Rally to Read, supported by corporates such as Bidvest and the Kempston Group, also takes a specialist angle. The initiative is built on a unique model, with a specific focus on literacy. Rally to Read allows a corporate to purchase a library box and teacher training packages, and join the organisation on a rally weekend to personally deliver the donations to the schools. The rally convoys travel to underserviced rural areas, where resources are severely limited and learning happens under the most challenging circumstances. Sponsors deliver material personally, and therefore witness where their money is invested. They also get the opportunity to meet the beneficiaries.

IkamvaYouth in Cape Town is a non-profit organisation supported by Capitec and the Western Cape Government. The organisation focuses on the empowerment of youth through education, e-literacy training and career guidance. Their funding goes towards sponsoring learners’ participation in all programmes and tutoring sessions; a portion is also spent on co-ordinating volunteers and school feeding schemes.

Monitoring and evaluation

With these and thousands of other interventions being rolled out across the country, understanding the extent of the impact is important. However, Rossouw says that in current assessments, most of the focus is on quantitative impact: for instance, looking at the number of children, teachers, schools, pass rates, participation rates, and how this translates in terms of rands spent.

“What is required is a focus on measuring impact more qualitatively,” she says, “but this will require much better monitoring and evaluation systems and processes, in addition to clear, descriptive and measurable indictors such as credible baseline data and the skills, competency and capacity to conduct impact studies over a set time and on a specific scale.”

She points out that currently organisations tend to have a narrow focus on their own interventions, which then means that impact is seen in isolation and no one has the full picture. Additionally, impact is measured per intervention, however, the limitation of this is that most programmes are implemented over a 12-month period, as well as funded over 12 months and measured over 12 months.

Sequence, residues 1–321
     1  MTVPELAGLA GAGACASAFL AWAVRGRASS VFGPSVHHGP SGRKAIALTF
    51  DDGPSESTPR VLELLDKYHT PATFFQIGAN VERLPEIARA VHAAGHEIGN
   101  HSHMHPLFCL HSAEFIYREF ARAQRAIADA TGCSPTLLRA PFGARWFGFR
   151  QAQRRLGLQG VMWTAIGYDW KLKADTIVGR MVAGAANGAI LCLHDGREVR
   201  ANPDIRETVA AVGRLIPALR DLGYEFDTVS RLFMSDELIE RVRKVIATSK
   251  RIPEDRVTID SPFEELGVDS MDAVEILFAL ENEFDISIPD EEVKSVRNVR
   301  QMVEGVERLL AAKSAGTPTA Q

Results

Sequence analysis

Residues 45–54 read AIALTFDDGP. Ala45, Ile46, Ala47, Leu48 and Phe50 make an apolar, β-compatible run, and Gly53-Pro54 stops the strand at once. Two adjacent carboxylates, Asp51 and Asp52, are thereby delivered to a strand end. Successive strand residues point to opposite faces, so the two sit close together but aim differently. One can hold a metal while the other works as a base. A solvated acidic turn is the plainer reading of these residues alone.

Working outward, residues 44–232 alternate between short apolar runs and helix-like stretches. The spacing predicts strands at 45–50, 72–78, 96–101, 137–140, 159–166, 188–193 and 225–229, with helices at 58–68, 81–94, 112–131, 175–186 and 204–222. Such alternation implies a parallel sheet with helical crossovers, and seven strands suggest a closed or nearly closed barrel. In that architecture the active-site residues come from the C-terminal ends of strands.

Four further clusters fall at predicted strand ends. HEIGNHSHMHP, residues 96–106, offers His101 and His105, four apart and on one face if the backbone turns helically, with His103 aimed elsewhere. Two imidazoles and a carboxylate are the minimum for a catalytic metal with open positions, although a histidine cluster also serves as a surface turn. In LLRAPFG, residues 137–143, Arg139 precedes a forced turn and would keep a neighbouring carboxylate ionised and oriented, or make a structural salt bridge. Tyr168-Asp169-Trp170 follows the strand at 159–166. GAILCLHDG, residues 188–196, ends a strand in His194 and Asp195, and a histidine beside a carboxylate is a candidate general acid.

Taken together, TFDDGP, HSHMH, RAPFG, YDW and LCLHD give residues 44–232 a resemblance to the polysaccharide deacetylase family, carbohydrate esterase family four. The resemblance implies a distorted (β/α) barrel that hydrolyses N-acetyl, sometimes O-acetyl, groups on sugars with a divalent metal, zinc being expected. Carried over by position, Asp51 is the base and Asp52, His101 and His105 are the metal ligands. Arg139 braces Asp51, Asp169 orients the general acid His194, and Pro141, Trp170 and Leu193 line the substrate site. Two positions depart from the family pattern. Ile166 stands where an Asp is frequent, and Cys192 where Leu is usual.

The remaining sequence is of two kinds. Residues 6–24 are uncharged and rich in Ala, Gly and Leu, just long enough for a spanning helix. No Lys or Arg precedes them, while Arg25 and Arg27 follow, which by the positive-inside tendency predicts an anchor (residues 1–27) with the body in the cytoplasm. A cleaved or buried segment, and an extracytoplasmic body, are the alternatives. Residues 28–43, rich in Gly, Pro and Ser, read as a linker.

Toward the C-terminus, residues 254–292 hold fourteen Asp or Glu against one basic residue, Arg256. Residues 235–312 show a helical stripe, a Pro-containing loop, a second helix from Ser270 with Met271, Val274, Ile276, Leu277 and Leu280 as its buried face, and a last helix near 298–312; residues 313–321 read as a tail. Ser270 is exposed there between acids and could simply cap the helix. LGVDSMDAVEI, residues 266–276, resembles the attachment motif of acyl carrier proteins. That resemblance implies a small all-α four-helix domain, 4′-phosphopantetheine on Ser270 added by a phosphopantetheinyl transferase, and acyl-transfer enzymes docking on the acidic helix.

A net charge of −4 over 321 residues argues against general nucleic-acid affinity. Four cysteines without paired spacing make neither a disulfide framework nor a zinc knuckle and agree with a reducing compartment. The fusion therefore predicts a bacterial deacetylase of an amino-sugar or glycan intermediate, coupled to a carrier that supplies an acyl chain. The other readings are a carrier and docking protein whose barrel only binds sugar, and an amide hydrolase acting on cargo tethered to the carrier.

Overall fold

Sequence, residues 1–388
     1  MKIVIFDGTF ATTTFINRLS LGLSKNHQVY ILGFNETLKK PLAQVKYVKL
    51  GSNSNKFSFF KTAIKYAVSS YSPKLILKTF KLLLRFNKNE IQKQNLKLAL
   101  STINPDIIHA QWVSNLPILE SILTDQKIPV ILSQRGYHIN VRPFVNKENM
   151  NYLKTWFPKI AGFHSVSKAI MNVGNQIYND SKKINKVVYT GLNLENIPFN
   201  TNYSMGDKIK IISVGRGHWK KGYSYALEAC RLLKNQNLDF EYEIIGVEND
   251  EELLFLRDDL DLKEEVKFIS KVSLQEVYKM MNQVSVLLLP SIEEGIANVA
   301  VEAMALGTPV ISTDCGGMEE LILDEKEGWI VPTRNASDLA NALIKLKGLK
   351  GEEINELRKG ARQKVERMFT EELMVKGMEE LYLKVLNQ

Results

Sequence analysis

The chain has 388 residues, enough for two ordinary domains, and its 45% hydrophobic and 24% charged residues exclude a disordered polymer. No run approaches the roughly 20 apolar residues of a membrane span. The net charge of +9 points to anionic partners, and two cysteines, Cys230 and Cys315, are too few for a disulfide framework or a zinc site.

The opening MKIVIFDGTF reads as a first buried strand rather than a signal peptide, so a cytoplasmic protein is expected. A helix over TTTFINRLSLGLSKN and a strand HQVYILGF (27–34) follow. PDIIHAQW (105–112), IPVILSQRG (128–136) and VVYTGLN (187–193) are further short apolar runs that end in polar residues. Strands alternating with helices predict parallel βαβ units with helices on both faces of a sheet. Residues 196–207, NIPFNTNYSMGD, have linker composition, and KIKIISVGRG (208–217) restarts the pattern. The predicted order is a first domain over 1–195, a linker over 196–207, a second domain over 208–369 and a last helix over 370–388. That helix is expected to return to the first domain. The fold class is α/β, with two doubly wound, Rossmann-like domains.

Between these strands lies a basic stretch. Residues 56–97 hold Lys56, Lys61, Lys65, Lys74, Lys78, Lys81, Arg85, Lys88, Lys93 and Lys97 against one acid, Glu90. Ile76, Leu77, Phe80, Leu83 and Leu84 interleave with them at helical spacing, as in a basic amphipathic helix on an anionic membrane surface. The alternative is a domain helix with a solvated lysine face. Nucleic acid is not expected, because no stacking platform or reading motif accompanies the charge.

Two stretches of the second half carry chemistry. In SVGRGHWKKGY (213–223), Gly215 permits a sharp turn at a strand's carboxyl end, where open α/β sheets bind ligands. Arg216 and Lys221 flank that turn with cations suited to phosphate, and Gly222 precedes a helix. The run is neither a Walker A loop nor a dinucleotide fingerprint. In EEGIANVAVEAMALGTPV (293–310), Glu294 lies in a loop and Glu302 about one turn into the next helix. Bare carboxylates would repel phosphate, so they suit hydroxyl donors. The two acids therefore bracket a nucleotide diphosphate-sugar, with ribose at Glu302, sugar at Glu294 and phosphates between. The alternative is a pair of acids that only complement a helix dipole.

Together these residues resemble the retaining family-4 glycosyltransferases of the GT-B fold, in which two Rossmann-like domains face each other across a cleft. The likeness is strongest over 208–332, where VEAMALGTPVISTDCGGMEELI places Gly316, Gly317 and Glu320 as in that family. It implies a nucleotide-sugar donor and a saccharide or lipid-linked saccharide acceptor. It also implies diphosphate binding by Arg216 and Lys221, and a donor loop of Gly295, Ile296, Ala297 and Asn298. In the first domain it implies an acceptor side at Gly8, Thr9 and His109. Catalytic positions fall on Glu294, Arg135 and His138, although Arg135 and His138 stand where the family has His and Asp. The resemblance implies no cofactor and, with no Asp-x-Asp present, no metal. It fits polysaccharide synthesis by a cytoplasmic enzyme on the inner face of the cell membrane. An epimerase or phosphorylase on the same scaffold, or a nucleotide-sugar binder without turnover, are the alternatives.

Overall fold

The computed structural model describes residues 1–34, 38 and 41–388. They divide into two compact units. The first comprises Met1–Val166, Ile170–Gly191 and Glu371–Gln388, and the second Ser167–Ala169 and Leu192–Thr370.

“Logic will tell you that it is impossible to measure impact in these ‘neat’ annual cycles,” Rossouw says.

 Partnerships and collaboration

Addressing education holistically with a combination of interventions is required.

“What we also find is that so many corporates fund different types of science and maths programmes, which is a lot of duplication and wasted effort,” Rossouw says. “And they all want to focus on specific schools, which means some schools get ‘over serviced’ while others are ignored.”

Similarly, the Department of Education and the larger community stakeholders must support these interventions. “Many corporates complain that they want to focus on education, but their telephone calls goes unheeded by the department,” she adds.

Partners for Possibility, a leadership development and principal support organisation, equips principals with the skills and knowledge to lead change and mobilise the communities around their schools. It provides practical hands-on support to principals as they embark on a change journey in their schools, sharing what works and engaging leaders to replicate proven interventions.

With enrolment into higher learning institutions growing every year, bursaries and financial-aid schemes are also areas that are pressed to fund this growing pool. The private sector, which needs a steady stream of qualified professionals entering its ranks every year, recognises the importance of contributing to this sector, with companies such as Vodacom, Investec, Nedbank and Telkom awarding bursaries to learners in areas ranging from information and communication technology to engineering and law.

Bursaries are an immense help to individuals who cannot afford to pay their full fees, allowing them to complete their qualifications and get a foot into the door of employment.